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This year's report is another strong indication of the upward trend in European tech. There is much to celebrate, but the report also highlights some obvious challenges we need to address if we are to continue the progress of the past decade.

Prioritise diversity and inclusion

Europe’s diversity and inclusion challenges are stark. Just 7% of VC funds go to female or mixed gender teams in Europe. The level of funding to other underrepresented groups is even lower. Those numbers have not budged in any meaningful way in recent years. The result: Europe has lost untold talent and value due to these issues. This is not somebody else’s problem. It is our problem. Why are we not taking more positive action?

Mobilise hidden talent pools

There are at least 15 cities across Europe that have more than 50,000 professional developers but have seen less than $1 billion in total capital investment since 2013 and less than $500 million in most cases. By contrast, Stockholm, which has around 80,000 professional developers, has attracted almost $5 billion over that period. How can we get all of those cities to punch at that level?

10x pension fund commitments to European VC

Pension funds have committed just $2.4 billion to European VCs in aggregate since 2013, equating to less than $500 million per year. This equates to just 0.01% of total European pension fund assets under management of around $4 trillion. All of that despite the fact that European VC is now competitive with US VC and European private equity. How can we educate and create the right incentives and allocation models to entice more pension funds to support a European VC ecosystem?

Build density through interconnectivity

Europe’s ecosystem is unique in its geographic diversity. In response to this, the region’s interconnected hubs are achieving density in a uniquely European way. More than a third of all investments by European VC already flows across borders and 28% of Europe’s founders and employees have also moved across hubs. How can we strengthen this interconnectivity even further?

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Lose the inferiority complex

There is no better proof that European tech companies can compete on the global stage than Spotify. It is hard to think of a company anywhere that has had to fight fiercer competition from the world’s largest tech companies and never deviated from its long-term vision despite untold distractions. And they still ended up as the global category leader and a trusted consumer brand the world over. What can we learn from Daniel and his team?

Build an investor base to target underrepresented communities

The transformation of the European investor base into a deep and increasingly sophisticated network of interconnected sources of funding has elevated European tech to another level. But the job is not close to being finished. Europe’s challenge is to identify and support emerging fund managers and angels that can target the communities that do not have access to the same capital and advice as those in London, Paris or Berlin. This means a new generation of sophisticated investors in new geographies and explicitly seeking to invest in diverse groups of founders. What can we do to help incentivise and support this next generation of investors?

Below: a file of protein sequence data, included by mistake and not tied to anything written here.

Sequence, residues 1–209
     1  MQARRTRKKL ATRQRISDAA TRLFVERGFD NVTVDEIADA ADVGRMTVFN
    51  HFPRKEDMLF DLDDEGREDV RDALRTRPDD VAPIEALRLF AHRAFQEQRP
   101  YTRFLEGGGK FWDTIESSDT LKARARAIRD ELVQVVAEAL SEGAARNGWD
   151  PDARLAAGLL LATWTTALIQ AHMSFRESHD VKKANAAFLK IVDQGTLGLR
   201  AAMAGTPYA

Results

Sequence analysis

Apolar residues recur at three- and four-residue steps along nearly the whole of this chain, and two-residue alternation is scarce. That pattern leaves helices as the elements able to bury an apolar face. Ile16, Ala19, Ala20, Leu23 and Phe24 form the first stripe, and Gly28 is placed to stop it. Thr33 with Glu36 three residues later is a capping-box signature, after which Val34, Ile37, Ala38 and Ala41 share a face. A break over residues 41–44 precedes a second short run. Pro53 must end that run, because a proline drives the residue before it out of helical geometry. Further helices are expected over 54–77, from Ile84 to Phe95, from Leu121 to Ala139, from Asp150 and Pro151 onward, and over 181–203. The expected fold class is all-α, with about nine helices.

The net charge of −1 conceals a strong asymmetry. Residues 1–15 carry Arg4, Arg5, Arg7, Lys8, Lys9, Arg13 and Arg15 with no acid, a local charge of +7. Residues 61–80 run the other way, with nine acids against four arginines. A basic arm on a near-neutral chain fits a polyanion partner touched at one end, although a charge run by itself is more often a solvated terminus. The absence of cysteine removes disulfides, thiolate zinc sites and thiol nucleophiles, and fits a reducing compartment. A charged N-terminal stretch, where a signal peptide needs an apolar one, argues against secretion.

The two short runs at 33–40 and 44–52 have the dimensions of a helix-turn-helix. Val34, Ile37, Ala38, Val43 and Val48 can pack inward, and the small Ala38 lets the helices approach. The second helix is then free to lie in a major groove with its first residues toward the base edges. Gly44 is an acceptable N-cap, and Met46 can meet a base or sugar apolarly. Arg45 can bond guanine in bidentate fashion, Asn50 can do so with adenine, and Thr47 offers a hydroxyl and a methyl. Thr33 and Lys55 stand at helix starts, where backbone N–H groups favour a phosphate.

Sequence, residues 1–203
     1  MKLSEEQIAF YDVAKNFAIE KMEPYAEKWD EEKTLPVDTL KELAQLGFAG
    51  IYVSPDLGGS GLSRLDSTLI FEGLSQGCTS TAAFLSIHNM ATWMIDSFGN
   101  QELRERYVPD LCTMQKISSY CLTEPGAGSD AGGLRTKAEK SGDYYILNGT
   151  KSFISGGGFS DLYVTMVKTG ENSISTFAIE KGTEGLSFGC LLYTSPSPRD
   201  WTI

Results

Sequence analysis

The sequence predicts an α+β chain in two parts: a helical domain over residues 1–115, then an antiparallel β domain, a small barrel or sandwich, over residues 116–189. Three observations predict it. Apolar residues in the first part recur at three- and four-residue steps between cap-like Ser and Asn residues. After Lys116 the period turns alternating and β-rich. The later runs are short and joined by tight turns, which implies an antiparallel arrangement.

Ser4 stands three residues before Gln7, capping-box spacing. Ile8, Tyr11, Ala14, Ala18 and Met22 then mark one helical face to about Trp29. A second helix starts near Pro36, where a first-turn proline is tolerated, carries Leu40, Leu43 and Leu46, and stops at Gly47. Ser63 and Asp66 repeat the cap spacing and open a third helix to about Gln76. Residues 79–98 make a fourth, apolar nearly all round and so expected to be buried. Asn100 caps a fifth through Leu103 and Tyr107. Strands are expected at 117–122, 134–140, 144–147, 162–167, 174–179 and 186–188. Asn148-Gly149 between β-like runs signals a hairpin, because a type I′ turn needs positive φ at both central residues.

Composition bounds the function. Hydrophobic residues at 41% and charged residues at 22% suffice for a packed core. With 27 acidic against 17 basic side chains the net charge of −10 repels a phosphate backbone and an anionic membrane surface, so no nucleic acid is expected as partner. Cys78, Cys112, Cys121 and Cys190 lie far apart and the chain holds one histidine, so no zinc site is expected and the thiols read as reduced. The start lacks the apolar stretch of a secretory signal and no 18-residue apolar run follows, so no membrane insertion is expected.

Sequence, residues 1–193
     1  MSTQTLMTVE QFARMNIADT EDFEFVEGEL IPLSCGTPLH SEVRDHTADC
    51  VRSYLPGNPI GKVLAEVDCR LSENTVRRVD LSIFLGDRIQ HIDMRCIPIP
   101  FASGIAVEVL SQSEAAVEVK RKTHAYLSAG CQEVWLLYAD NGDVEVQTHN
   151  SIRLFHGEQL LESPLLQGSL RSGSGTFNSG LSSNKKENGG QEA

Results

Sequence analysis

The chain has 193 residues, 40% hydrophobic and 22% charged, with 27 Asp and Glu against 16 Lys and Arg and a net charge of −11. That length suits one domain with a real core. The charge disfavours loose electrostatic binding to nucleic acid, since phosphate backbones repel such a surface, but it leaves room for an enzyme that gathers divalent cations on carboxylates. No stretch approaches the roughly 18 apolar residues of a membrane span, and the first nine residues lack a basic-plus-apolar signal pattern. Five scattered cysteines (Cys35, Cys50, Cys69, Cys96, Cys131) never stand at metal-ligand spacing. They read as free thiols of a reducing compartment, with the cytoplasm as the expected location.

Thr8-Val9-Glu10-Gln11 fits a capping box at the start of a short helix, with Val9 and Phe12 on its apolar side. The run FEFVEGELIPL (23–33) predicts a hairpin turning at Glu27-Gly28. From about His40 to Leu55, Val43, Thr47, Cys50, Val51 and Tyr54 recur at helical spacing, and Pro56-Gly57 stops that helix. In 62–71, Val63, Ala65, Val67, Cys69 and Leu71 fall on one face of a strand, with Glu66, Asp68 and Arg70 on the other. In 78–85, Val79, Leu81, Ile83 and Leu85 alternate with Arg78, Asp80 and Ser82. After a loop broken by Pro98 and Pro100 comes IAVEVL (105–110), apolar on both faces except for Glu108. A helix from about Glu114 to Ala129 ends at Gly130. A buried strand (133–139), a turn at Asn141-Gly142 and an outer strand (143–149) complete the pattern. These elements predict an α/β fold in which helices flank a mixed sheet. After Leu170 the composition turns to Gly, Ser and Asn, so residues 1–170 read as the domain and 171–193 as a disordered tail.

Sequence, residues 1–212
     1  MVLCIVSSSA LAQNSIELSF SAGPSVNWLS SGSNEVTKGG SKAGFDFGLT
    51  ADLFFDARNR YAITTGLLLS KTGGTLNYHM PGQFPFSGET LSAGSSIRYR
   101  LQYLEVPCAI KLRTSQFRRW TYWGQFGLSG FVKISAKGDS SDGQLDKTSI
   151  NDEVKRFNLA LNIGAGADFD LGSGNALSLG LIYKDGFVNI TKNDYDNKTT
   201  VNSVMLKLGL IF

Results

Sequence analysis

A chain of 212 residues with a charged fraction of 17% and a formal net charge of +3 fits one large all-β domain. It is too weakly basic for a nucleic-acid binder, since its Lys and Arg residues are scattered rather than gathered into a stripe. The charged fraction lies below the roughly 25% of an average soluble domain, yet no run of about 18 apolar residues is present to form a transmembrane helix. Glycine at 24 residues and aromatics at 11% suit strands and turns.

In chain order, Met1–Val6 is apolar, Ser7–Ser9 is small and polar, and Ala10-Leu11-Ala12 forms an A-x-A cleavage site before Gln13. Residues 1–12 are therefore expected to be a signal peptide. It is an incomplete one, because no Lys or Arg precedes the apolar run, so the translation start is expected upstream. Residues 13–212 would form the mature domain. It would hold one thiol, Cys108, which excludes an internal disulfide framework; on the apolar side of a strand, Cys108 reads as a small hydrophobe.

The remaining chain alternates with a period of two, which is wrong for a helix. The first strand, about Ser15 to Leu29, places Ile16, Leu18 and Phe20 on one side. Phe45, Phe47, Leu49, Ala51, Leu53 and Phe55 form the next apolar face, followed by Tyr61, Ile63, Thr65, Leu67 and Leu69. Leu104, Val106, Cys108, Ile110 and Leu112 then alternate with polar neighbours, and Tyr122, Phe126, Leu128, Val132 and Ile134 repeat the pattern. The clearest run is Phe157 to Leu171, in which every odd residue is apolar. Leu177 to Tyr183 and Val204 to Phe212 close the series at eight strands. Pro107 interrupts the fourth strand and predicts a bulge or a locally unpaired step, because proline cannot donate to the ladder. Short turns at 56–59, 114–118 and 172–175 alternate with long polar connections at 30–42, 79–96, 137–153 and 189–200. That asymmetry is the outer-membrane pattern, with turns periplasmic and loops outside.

Bridge the tech and policy divide to harness tech for good

European tech leaders and policymakers want to work more closely together, but they are still speaking across each other today. If aligned more closely we could create better products and services for consumers and help strengthen the European tech ecosystem. How can we build a bridge to create a European tech ecosystem that is working in concert with its policymakers to unlock the potential of using tech for good?

Stop living in the past and drop the cliches

People still talk about Europe like it can’t do tech. And for sure, Europe has historically not created as much enterprise value from tech as the US and China. That isn’t surprising. The US tech ecosystem has a 30-year headstart on the European ecosystem. China is a closed market with heavy government support that cannot be replicated in a region of multiple democratic countries and languages. We need to throw away disparaging clichés about European tech. Europe’s tech ecosystem is flourishing and rapidly gaining ‘market share’ on the global stage. If we can’t stop talking about the past, how can we focus on the future?

Compensate talent and bring it to Europe

Europe’s biggest challenge, arguably, remains a shallow pool of executive level talent with experience scaling tech companies to thousands of employees, millions of users and billions of revenue. The ecosystem is, therefore, reliant on attracting global talent to Europe or to luring home European talent back from overseas. Europe now offers compelling opportunities to join amazing companies, but needs to align compensation to compete with benchmarks elsewhere. What can Europe do to help incentivise talent more effectively?

Prioritise diversity and inclusion

This challenge is so great, it should be Europe’s first and most urgent priority. If Europe fails to make meaningful progress on this, it will still be unable to reach its full potential in terms of creating value for consumers, business and stakeholders even if it solves all the other challenges. Some people have started to make a difference. Diversity VC has created a toolkit for founders to address diversity and inclusion. So, what are you doing?